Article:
Matthew (16) was walking back from a party in the early hours of the morning with a few friends. It was the first time he had drunk alcohol and he also took regular medication. This combination appeared to have made him highly impulsive and affected his judgement. During their journey home they came across a milkman on his rounds. The group surrounded the float and started shouting at the milkman. Eventually, a crate of milk was smashed. Police arrived and arrested Matthew, who had led events. As this was his first ever offence, a Final Warning was considered appropriate. The Police Officer at the YOT arranged a conference to take place with the agreement of the victim and the offender. At the conference Matthew indicated that he was ashamed and sorry for what he had done, and listened as the milkman explained the economics of milk delivery and that he had had to pay for the lost milk. Matthew had already offered to pay for the lost milk, and had brought Ł20 compensation along with him. As discussions continued, all animosity was completely dispelled and the conference ended with the milkman offering Matthew a part-time job.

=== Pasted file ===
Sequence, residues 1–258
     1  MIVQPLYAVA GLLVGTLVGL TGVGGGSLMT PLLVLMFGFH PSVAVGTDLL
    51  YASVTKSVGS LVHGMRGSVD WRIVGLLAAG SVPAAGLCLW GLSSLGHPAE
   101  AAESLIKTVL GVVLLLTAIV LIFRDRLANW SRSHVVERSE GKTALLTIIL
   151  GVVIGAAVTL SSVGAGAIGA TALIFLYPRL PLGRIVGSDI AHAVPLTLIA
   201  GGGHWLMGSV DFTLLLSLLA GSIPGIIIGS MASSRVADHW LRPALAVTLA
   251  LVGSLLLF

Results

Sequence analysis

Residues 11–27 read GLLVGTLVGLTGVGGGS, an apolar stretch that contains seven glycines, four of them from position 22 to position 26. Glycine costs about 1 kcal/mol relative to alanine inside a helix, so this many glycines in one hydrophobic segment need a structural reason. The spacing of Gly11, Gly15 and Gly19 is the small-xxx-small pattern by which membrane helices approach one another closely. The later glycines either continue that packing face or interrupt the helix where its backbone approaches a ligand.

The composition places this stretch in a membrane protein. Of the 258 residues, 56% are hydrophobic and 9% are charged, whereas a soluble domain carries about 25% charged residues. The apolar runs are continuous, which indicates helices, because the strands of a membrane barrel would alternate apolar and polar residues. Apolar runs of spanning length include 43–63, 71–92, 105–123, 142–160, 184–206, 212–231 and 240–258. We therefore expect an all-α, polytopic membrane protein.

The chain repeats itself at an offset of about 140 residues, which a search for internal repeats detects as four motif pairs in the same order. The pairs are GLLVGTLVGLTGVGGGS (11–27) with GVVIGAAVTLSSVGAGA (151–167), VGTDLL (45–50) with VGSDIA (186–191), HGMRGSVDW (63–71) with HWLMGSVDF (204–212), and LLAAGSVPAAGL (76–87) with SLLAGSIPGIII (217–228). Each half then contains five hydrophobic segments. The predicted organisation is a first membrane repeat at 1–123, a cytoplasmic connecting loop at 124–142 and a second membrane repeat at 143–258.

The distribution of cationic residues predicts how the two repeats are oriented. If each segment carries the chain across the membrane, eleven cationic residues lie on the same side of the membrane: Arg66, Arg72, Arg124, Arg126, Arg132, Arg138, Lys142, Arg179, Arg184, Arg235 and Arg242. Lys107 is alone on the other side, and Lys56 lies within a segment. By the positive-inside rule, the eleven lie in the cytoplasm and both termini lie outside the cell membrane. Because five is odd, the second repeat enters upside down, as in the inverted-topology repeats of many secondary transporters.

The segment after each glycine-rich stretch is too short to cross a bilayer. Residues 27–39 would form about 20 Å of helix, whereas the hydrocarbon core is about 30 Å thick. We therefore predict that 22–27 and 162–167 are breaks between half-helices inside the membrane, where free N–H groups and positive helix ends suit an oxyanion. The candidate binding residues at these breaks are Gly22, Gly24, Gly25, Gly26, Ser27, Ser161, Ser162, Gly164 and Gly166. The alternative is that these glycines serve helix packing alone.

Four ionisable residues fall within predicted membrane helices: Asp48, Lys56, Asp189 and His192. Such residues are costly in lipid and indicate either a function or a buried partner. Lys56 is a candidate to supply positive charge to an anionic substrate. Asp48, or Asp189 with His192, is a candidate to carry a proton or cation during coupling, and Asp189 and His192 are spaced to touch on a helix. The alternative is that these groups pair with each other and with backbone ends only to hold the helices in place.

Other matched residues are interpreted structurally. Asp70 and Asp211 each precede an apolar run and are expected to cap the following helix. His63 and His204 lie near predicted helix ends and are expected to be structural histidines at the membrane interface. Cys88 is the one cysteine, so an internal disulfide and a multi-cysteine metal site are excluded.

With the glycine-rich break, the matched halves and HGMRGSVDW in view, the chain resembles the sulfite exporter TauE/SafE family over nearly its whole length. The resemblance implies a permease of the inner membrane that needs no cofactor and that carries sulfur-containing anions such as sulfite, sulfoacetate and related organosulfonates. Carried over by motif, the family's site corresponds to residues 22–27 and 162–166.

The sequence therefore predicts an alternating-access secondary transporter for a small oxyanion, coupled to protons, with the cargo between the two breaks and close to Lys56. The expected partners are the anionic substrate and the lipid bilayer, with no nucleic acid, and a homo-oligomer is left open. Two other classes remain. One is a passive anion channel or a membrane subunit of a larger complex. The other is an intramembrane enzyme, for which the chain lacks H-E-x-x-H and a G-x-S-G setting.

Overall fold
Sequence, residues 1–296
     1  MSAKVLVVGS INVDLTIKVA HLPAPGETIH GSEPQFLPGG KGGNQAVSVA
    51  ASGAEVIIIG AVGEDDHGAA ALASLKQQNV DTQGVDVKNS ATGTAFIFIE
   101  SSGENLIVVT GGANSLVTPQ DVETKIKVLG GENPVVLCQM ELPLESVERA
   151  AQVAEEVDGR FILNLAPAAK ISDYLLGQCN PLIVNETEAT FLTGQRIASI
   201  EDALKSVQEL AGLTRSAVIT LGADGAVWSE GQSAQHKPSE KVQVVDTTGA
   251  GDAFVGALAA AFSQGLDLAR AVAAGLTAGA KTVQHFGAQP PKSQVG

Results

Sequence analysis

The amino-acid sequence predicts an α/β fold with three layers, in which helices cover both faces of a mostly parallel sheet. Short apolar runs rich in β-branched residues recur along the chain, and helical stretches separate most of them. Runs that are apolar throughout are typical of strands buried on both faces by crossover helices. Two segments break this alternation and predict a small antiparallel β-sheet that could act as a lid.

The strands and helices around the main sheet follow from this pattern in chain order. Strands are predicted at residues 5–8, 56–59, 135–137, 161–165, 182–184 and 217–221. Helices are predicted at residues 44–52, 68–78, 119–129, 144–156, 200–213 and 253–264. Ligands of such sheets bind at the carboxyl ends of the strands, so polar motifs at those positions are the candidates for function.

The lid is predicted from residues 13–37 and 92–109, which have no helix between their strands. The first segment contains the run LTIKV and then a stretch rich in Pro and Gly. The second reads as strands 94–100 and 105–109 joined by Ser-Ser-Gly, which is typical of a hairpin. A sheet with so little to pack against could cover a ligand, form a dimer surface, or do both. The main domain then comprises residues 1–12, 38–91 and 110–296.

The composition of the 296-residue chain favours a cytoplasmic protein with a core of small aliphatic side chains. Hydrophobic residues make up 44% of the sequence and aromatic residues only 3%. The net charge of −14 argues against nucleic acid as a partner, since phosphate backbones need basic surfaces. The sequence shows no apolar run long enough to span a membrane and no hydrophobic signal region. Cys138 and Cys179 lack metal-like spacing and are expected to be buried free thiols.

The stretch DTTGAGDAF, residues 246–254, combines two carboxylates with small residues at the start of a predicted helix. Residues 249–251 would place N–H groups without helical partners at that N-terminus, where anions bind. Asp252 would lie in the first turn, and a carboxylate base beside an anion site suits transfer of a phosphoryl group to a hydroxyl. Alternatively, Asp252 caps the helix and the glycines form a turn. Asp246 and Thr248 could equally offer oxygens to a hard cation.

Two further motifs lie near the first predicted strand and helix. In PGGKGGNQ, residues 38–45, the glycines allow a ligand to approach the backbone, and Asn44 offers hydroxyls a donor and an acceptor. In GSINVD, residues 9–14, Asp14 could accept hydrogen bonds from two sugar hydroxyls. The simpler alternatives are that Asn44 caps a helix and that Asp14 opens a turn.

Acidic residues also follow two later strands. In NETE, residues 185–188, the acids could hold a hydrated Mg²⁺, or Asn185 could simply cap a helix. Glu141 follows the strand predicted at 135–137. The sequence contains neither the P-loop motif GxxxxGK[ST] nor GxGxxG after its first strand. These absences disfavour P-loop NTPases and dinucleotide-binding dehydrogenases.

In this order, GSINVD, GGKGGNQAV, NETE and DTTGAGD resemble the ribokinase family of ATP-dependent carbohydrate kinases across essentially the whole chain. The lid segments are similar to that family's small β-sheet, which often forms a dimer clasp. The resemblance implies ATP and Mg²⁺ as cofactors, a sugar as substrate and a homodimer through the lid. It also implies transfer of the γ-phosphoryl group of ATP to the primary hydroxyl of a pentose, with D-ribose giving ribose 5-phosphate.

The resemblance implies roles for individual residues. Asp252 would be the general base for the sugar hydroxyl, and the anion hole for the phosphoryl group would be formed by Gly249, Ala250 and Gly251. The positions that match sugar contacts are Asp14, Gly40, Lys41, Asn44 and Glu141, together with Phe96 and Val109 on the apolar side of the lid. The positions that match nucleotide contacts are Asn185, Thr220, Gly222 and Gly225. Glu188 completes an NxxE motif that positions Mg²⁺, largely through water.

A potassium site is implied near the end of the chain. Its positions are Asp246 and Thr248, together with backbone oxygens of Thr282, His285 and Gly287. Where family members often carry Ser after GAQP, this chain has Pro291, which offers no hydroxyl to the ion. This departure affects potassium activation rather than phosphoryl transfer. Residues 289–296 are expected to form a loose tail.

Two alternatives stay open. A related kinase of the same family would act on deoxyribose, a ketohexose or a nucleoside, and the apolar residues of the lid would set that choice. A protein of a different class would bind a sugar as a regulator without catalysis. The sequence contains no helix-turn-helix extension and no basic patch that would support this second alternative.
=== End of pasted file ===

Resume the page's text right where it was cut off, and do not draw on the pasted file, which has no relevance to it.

Source: Marian Liebmann’s book, ‘Restorative Justice: How it works’ (2007, Jessica Kingsley Publishers)